Over last summer many folks urged me to write about the traffic problems here on the island. I, in fact, resemble that problem, and perhaps am slightly even responsible for your delayed arrival to some appointed destination this summer. I am sure that not many of you can say that you got stopped this summer for going too slow. I did. But In my own defense I was waiting for passengers to catch up to the train as we left the depot. I could see them in my rear view mirror running to catch up, and I didn’t want to responsible for any heart attacks. But none the less the police informed me that I might be hindering traffic, I think “obstructing” was the term used, but from my point of view, “bringing the island to its knees” might have been closer to correct. That was my plan all along.
One island driver this summer offered me this advice, “ Third world vehicle right of way rules apply here; the bigger the vehicle the more people will get out of your way.” Not bad advice, but until you have spent some quality time sitting in traffic around LA, Boston or New York, you can’t really appreciate the wonderful aspects of driving on this island. I mean, in LA they at least have 24-7 talk radio traffic stations to help you on your way. Here we have loud speakers with live music, wandering pedestrians just trying to get home and no one even thinks to look where they walk. You don’t hear about that during the morning news, no sir.
No, here on the island I’m talking Traffic Jams with a capital T. Nothing in New York compares to the three minutes of total mayhem on Concord and Catawba at lunchtime on a school day. Or how about the first few minutes after the ferry arrives at the Lime-Kiln dock late Friday afternoon? Cabs lined up to the lighthouse, the buses trying to load unsuspecting passengers and pedestrians scattering everywhere, all of them in our way, as we just try to drive home.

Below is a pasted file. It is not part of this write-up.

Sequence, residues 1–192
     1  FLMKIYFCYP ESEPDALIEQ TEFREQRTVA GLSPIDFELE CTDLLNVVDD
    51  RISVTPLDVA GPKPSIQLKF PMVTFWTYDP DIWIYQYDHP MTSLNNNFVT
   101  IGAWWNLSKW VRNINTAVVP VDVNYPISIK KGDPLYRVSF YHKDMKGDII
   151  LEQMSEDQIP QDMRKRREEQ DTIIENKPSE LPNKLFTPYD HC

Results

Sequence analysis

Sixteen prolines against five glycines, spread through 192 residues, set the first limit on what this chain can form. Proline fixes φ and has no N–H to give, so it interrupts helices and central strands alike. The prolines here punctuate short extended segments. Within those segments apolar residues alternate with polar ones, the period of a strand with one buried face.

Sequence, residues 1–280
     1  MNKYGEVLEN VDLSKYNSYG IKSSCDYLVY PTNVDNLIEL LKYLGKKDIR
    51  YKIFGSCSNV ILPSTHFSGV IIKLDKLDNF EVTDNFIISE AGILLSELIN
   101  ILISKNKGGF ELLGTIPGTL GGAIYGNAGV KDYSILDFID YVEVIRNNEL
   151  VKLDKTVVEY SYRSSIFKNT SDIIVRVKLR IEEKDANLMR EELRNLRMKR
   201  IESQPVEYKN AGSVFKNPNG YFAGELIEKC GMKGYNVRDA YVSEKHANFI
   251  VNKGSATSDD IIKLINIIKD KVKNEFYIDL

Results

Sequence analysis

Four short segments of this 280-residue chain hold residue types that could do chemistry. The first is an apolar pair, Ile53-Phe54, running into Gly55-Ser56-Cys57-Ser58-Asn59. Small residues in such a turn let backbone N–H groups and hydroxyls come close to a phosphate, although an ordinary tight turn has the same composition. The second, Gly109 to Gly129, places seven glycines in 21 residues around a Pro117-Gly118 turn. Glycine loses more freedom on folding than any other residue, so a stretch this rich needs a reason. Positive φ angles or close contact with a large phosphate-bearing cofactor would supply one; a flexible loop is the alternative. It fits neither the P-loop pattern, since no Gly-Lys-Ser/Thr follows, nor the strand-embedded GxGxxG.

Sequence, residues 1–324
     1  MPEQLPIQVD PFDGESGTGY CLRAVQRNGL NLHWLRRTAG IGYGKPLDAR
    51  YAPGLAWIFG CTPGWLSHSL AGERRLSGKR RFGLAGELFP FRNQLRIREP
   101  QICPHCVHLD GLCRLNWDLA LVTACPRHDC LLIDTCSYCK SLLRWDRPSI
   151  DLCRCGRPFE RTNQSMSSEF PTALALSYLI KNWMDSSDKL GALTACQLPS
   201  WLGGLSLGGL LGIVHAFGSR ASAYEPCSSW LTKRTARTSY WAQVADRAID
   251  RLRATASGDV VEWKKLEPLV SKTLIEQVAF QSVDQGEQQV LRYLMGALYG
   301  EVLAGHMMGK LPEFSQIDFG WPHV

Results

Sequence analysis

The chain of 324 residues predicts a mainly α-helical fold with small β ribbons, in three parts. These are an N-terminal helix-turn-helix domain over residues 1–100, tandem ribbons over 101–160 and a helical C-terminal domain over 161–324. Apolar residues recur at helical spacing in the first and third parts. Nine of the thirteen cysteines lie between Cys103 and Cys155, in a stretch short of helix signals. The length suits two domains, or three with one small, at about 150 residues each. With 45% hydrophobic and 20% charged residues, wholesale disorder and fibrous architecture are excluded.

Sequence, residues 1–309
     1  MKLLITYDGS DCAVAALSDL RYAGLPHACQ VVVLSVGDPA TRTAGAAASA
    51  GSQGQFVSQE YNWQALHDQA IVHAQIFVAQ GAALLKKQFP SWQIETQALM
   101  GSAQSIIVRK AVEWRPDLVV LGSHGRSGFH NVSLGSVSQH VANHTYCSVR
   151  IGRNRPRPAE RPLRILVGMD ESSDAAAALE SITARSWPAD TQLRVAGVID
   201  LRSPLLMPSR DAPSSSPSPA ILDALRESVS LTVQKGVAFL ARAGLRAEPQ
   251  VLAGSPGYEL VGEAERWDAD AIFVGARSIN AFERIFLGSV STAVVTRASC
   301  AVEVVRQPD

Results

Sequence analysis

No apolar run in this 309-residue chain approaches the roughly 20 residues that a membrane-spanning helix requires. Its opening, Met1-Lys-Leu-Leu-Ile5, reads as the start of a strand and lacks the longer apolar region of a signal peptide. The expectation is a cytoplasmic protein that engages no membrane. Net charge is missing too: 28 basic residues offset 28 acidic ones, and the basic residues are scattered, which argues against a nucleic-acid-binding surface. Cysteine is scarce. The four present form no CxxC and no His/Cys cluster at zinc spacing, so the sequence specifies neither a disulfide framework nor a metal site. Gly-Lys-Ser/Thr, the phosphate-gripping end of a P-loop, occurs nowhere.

And then, how about the lemmings, I mean, visitors, that parade, zombie-like, off the Fox Dock across State Route 357 on a Saturday morning. Hundreds of blank stares following unknowing leaders just looking for coffee or the closest food establishment. They can really bring the downtown to a stop for minutes on end. But, is there any traffic gridlock greater than the Sunday afternoon old car parade? I mean this one rocks. One day, and I am not making this up, there were old cars going into the winery, and out of the Cave in both directions. Half the parade trying to get to the winery while the other half was trying to get to the Goat. I guarantee this would have confounded even the best traffic engineer in the world.
But yet, I am still a bigger slowdown than all of them combined. No one else takes the time to look around, to see the beauty of the island anymore. That’s my job. Go slow, look around, and talk about the past. So many islanders hurry here and there, so busy they don’t even get to stop and look around during the summer months. So it is my job to go very, very, very slowly. Who else will do it? I do it so that the visitors can drink it all in, and see what it is that we like about this place.
Now, I love my car, and think nothing of getting into it and driving from our driveway to the school. Matter of fact, it appears that we all love our cars and we need to drive them even if it is just for 500 yards and back. Don’t get in the way of progress. As I race for the boat with two minutes to departure time, I need room to move, space to park, and no wicked slow drivers in my way.
So the next time you have a chance, stand and watch the traffic on Langram on a summer day. As a traffic lover I recommend you do, because it is a thing of beauty. On a busy afternoon, you’ll see the buses weaving to and fro, the 6 and eight passenger golf carts being prodded forward every so slowly in a “Row, row, row, your boat” fashion, and the mopeds darting haphazardly in and out of it all. Look more closely and you’ll see me. I’m the one with all the cars stacked up behind, all desperately hoping to pass. It’s a thing of beauty, a work of traffic art. We own it. I love it. Now drive carefully, please!